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And the star-spangled banner in triumph shall wave, O'er the land of the free and the home of the brave!


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 Post subject: Re: X-37B
PostPosted: Sat Mar 05, 2011 6:24 pm 
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A successful launch was conducted at 5:46PM today from Space Launch Complex 41 at the Cape Canaveral Air Force Station on an Atlas V Evolved launch vehicle provided by the United Launch Alliance. This was the 24th launch of the Atlas V, the 3rd launch of the Atlas V - 501 variant. The first stage (Common Core Booster) used a Russian built RD-180 Kerosene/Liquid Oxygen Engine from RD AMROSS and the upper stage (Centaur) used an American built RL 10 Liquid Hydrogen/Liquid Oxygen Engine from Pratt & Whitney Rocketdyne. The aerodynamic encapsulation shell was mounted on a 5 meter diameter payload fairing.

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Then conquer we must, when our cause it is just, and this be our motto: "In God is our trust."
And the star-spangled banner in triumph shall wave, O'er the land of the free and the home of the brave!


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 Post subject: Re: X-37B
PostPosted: Wed Nov 30, 2011 6:23 pm 
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They've decided to extend the mission because of its success to date.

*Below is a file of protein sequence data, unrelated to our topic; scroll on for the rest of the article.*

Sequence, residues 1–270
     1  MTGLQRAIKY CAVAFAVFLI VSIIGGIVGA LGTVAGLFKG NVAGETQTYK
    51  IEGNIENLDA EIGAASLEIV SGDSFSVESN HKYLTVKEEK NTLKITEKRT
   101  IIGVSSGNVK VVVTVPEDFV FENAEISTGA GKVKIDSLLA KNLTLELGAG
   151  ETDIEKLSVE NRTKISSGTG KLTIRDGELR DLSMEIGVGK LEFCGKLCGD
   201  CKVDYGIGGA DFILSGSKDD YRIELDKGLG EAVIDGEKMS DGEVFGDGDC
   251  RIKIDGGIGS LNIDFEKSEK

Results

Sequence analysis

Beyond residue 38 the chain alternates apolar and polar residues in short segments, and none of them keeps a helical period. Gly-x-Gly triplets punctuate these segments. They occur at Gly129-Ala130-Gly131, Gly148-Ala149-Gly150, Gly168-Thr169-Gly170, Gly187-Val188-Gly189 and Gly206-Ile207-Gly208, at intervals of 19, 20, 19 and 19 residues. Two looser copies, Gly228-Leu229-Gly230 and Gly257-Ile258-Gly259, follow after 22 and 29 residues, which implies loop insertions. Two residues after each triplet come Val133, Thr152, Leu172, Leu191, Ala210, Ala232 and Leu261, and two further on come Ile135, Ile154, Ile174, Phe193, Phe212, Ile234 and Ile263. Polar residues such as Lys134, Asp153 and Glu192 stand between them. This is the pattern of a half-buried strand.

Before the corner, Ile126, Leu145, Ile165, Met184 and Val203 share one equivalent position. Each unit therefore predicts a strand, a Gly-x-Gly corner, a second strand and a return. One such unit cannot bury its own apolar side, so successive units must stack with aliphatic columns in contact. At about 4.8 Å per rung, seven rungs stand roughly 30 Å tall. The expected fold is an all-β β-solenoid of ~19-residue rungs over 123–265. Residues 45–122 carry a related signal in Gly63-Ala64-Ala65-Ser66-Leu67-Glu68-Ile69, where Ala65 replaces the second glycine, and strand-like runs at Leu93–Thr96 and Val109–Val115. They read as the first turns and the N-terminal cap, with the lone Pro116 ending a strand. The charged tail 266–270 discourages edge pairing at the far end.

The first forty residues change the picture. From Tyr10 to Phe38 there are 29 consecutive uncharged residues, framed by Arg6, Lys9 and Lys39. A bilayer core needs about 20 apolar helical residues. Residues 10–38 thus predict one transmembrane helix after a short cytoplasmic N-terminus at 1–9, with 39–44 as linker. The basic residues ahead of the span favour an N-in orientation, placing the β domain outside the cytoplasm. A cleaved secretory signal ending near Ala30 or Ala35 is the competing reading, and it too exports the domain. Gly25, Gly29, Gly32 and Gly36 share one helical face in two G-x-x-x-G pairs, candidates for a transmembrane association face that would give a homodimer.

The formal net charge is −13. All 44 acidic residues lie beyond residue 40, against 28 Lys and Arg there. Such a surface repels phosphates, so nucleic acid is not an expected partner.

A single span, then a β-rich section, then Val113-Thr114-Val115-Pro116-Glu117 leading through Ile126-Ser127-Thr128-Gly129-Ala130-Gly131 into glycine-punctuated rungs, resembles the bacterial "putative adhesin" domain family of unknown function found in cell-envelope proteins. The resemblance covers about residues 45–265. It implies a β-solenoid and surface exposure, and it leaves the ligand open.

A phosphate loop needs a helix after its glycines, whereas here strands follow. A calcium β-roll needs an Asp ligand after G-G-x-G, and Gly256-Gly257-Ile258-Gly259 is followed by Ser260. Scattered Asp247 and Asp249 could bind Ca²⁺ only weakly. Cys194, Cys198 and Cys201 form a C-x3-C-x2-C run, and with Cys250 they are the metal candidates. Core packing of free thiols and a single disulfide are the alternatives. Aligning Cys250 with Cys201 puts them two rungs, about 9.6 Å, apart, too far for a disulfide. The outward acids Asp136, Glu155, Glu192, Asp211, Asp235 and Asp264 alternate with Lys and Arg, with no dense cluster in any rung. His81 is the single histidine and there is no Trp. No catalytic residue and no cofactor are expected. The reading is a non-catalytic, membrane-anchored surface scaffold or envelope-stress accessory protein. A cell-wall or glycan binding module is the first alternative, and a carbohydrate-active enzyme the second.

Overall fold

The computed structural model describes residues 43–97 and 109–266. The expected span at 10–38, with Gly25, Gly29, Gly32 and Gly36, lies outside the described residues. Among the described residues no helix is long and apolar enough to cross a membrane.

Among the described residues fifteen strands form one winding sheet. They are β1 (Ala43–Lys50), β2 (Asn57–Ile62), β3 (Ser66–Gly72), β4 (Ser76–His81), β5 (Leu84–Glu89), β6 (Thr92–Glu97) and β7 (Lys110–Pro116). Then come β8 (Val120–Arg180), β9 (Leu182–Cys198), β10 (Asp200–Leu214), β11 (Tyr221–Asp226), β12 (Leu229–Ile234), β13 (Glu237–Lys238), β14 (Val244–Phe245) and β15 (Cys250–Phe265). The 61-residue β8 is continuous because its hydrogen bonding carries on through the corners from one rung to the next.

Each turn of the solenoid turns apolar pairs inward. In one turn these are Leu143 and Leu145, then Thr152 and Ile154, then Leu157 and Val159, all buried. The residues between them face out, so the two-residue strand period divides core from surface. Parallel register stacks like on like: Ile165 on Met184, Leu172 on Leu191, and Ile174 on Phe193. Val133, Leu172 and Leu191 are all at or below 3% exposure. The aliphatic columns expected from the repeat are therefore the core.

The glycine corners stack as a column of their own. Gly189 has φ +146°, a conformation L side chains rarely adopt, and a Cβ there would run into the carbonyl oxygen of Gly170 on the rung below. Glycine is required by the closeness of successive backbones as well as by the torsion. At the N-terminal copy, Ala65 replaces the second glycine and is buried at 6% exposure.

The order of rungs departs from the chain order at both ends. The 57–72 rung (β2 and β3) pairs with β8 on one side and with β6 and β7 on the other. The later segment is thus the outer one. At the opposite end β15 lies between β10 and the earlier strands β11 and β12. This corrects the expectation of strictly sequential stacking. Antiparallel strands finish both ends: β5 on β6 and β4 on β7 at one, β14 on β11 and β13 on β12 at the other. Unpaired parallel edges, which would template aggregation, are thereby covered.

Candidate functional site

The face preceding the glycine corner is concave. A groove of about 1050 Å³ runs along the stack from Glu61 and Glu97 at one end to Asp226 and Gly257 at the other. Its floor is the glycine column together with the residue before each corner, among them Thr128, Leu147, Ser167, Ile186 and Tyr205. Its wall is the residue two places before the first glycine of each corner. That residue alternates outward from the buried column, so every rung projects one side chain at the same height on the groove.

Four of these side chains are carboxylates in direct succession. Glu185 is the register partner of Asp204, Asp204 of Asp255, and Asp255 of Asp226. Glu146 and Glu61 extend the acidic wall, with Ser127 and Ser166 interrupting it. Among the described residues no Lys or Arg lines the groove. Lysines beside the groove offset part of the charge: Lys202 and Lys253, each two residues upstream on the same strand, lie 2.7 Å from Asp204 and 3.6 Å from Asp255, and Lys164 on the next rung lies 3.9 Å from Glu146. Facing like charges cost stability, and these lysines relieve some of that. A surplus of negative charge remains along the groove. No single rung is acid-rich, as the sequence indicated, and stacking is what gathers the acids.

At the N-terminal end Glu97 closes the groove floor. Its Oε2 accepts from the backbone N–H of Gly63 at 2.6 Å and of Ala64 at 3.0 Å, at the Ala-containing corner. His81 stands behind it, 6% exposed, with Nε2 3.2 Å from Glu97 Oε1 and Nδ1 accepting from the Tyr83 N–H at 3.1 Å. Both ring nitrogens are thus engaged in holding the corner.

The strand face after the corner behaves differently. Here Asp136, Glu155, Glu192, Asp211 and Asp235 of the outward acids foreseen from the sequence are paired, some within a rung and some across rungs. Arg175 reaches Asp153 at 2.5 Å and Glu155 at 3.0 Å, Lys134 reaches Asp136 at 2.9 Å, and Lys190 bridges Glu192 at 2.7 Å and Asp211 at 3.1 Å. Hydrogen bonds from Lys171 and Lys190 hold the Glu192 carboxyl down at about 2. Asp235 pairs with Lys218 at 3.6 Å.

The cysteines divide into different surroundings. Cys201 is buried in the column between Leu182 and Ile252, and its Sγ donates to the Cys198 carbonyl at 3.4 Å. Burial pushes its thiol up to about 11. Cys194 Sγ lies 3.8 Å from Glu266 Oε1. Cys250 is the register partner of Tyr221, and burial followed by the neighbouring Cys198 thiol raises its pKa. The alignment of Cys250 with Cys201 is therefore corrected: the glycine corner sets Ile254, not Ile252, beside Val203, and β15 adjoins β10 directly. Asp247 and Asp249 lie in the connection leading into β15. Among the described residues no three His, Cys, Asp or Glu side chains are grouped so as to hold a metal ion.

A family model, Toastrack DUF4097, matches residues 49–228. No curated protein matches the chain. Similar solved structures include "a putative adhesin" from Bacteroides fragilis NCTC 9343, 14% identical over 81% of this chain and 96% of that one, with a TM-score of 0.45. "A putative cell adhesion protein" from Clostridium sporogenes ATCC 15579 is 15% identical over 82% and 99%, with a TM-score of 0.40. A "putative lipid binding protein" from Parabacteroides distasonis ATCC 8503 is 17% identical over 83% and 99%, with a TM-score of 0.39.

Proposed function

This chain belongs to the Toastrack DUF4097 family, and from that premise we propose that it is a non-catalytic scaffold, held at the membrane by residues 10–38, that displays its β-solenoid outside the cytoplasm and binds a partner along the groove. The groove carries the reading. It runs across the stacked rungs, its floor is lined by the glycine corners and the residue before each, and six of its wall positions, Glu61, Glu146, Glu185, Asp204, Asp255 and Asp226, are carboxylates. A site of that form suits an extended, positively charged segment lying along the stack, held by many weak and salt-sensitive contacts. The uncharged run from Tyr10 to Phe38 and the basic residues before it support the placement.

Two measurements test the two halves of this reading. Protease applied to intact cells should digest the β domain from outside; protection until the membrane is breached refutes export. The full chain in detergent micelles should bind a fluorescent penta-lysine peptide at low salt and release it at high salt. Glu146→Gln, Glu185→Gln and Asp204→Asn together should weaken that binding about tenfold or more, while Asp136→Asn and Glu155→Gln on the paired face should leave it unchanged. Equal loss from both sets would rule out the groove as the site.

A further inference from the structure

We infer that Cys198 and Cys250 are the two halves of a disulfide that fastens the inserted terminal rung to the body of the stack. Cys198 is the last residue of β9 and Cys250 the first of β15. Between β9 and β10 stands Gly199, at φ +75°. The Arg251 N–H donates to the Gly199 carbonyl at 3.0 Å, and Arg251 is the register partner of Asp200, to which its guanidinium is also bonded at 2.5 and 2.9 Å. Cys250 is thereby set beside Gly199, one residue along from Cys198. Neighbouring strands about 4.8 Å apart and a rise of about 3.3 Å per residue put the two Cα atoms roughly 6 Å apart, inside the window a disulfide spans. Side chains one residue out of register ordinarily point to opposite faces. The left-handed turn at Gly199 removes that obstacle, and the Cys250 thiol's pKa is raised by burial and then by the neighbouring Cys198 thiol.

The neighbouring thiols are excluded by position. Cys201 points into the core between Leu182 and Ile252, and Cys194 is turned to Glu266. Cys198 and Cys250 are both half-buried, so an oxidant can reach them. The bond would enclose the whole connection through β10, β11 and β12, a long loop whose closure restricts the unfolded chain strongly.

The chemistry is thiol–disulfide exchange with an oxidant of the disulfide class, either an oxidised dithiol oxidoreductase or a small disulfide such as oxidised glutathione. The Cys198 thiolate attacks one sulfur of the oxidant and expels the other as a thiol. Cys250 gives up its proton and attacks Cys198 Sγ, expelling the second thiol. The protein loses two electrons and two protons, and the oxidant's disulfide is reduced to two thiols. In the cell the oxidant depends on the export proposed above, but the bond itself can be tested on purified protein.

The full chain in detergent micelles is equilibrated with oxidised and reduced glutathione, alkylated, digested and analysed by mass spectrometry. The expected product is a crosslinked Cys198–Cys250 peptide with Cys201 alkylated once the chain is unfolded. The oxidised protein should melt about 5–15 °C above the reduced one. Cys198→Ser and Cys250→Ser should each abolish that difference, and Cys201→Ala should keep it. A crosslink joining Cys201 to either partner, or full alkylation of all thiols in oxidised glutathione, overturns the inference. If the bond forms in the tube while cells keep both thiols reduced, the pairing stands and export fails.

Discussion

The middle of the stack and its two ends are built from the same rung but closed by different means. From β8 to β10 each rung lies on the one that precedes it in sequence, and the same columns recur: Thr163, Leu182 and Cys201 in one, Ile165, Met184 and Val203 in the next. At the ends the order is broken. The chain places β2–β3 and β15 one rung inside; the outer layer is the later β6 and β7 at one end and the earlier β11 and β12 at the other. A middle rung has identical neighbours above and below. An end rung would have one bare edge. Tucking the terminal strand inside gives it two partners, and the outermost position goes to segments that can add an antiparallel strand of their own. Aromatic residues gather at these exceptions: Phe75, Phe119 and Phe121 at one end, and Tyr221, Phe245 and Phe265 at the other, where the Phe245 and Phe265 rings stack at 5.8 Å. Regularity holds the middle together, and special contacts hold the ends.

Santa Maria Times: VAFB will wait for spaceplane landing

An interesting tidbit from the article:
Quote:
Because the first vehicle suffered tire damage upon touching down, Vandenberg’s airfield managers and engineers conducted a thorough runway inspection.

“That inspection revealed 141 small imperfections — minor concrete irregularities that would have no affect on typical aircraft tires but could affect the X-37B’s smaller, thinner-walled tires,” Boltz said. “Base civil engineers finished grinding down all 141 identified imperfections earlier this year to mitigate against blowing a tire on landing. Team Vandenberg is ready to support landing operations anytime and at a moment’s notice.”

Prior to the first landing, the airfield crews built and installed replacement steel discs, or runway centerline light plates, that posed a hazard to X-37B’s tires. It wasn’t a small chore — some 658 plates that line the 15,000-foot runway had to be pried from the ground where they had been since the 1980s and replaced.

Read more: http://santamariatimes.com/news/local/m ... z1fEX6j5t1

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And the star-spangled banner in triumph shall wave, O'er the land of the free and the home of the brave!